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[234] καί refers to “κάλλιστος”, ‘consequently,’ as 165. Notice the variant “μέν. ἀνηρείψαντο” is the reading of MSS., but, as Döderlein has pointed out (Gloss. iii. 244), should be “ἀνηρέψαντο”, from “ἀρεπ”- = “ἁρπ” (-“άζω”) by anaptyxis. For this form we have the authority of one MS. (v' of Hes. Theog. 990, “ἀναρεψαμένη” for “ἀνερειψαμένη” or “ἀναρειψαμένη” of the rest (see Rzach ad loc.). Hence with the aid of the cognate form “Ἀρέπυια” (for which see note on 16.150) Fick has convincingly restored in Od. 20.77 (Od. 1.241, Od. 14.371) “Ἀρέπυιαι ἀνηρέψαντο”, a clear case of the favourite figura etymologica, for the vulg. “Ἅρπυιαι ἀνηρείψαντο”. The word recurs also in Od. 4.727. The sense snatch up can by no means be got from “ἐρείπω”. Whether “ἐρέπτεσθαι” is cognate is another matter. For a rather different form of the legend cf. Hym. Ven. 203-05. Aristotle ( Poet. xxv. 14) notices the slight extension of meaning by which οἰνοχοεύειν is applied to nectar.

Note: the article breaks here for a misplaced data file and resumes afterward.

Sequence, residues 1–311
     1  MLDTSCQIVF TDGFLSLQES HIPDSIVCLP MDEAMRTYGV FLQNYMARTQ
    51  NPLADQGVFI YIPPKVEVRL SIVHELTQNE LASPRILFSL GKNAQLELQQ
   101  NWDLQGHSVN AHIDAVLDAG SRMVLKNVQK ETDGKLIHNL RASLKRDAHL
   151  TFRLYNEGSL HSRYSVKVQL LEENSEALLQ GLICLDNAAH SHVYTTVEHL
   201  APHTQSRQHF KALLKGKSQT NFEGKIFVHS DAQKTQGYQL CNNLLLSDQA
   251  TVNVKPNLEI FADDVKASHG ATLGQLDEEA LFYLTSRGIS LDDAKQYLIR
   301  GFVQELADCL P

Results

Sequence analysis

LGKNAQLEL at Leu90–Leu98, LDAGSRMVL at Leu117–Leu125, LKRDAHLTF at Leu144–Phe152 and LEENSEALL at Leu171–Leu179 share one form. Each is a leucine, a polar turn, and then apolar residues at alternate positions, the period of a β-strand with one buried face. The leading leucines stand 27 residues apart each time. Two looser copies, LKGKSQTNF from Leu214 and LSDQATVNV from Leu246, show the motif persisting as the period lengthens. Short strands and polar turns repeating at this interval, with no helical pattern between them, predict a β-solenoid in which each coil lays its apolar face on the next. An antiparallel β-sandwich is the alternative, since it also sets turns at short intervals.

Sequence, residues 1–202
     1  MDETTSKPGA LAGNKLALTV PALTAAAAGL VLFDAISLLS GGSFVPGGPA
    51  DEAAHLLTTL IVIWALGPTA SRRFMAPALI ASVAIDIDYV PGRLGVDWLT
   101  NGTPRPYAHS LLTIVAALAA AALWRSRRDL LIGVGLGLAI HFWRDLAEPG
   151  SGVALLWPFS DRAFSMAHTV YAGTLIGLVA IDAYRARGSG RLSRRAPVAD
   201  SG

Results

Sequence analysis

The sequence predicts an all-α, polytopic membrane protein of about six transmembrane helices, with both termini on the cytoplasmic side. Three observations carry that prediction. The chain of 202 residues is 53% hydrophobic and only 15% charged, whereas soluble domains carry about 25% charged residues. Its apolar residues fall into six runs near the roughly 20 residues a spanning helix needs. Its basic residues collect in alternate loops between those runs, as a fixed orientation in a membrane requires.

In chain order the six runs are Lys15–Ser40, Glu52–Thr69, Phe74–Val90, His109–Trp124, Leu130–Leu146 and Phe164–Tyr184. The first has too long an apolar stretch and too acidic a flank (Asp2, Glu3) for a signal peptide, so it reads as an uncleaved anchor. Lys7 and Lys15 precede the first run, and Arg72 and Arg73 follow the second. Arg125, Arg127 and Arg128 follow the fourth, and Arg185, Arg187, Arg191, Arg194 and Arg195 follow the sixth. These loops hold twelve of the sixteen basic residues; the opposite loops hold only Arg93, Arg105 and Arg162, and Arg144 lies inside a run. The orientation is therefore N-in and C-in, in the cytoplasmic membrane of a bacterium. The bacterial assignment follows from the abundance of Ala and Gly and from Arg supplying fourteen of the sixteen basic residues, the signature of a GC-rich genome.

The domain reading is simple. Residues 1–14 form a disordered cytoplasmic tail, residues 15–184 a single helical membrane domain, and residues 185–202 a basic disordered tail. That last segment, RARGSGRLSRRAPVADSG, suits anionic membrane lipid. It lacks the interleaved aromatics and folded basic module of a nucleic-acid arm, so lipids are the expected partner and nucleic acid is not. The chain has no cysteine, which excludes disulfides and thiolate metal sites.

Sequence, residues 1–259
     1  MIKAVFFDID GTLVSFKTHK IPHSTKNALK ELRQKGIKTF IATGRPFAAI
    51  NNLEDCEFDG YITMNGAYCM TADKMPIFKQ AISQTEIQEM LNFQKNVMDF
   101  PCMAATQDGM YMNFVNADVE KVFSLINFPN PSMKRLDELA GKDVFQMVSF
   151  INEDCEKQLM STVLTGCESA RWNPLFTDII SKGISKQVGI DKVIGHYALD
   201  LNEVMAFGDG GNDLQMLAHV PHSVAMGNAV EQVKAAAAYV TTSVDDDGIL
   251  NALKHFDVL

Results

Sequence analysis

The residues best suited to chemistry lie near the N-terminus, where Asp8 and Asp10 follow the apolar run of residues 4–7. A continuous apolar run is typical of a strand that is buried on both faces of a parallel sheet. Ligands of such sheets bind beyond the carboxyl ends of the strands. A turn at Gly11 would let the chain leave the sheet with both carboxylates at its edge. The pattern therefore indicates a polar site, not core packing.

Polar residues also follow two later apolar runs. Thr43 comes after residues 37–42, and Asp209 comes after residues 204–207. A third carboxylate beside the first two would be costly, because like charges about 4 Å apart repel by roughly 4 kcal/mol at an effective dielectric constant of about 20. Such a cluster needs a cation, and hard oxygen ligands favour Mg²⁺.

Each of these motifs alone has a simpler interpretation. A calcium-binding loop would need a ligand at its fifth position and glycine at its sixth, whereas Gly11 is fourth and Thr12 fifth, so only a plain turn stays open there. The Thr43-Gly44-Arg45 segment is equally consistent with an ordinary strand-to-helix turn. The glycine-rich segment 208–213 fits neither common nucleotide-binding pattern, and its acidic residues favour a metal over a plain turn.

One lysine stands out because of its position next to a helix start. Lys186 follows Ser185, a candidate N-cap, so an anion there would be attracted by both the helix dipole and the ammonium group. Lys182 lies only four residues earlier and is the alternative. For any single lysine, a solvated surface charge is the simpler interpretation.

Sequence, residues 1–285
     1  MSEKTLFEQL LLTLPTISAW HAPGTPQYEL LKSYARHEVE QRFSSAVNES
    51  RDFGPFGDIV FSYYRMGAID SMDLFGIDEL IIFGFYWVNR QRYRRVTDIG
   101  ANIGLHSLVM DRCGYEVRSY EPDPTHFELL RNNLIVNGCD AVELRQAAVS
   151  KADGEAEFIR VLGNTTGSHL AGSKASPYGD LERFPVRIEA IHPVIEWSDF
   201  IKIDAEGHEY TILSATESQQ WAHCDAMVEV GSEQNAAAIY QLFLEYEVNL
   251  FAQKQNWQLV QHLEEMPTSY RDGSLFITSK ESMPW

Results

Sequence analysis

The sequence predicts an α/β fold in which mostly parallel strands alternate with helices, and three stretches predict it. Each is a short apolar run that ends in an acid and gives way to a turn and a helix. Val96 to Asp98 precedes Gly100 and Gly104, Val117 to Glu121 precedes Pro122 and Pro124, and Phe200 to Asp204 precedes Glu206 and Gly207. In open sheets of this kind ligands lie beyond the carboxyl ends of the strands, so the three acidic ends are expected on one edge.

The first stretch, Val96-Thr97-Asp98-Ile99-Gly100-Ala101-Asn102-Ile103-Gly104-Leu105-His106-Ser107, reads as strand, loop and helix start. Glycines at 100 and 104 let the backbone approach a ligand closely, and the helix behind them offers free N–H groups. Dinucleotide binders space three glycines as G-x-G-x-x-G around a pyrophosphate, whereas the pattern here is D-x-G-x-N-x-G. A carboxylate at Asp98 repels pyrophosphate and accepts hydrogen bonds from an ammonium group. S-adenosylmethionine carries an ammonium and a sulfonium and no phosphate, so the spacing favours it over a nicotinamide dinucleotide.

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hide References (7 total)
  • Commentary references from this page (7):
    • Aristotle, Poetics, 1461a
    • Hesiod, Theogony, 990
    • Homer, Odyssey, 14.371
    • Homer, Odyssey, 1.241
    • Homer, Odyssey, 20.77
    • Homer, Odyssey, 4.727
    • Homeric Hymns, Hymn 5 to Aphrodite, 203
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